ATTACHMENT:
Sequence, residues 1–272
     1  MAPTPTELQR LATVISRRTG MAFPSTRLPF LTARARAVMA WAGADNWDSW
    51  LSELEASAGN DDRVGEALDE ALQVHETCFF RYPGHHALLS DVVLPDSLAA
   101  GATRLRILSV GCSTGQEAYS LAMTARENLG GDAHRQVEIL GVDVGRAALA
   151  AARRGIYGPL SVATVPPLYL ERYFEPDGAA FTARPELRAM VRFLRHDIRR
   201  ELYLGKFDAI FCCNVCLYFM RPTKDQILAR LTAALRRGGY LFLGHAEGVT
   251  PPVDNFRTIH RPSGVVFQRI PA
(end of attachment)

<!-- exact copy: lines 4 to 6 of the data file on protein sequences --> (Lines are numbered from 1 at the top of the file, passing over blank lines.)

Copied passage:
   101  GATRLRILSV GCSTGQEAYS LAMTARENLG GDAHRQVEIL GVDVGRAALA
   151  AARRGIYGPL SVATVPPLYL ERYFEPDGAA FTARPELRAM VRFLRHDIRR
   201  ELYLGKFDAI FCCNVCLYFM RPTKDQILAR LTAALRRGGY LFLGHAEGVT